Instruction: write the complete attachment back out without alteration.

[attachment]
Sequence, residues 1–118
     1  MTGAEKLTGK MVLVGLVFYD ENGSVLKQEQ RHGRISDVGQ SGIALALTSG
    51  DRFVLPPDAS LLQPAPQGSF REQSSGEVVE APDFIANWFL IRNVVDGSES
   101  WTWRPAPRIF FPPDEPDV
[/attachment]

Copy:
Sequence, residues 1–118
     1  MTGAEKLTGK MVLVGLVFYD ENGSVLKQEQ RHGRISDVGQ SGIALALTSG
    51  DRFVLPPDAS LLQPAPQGSF REQSSGEVVE APDFIANWFL IRNVVDGSES
   101  WTWRPAPRIF FPPDEPDV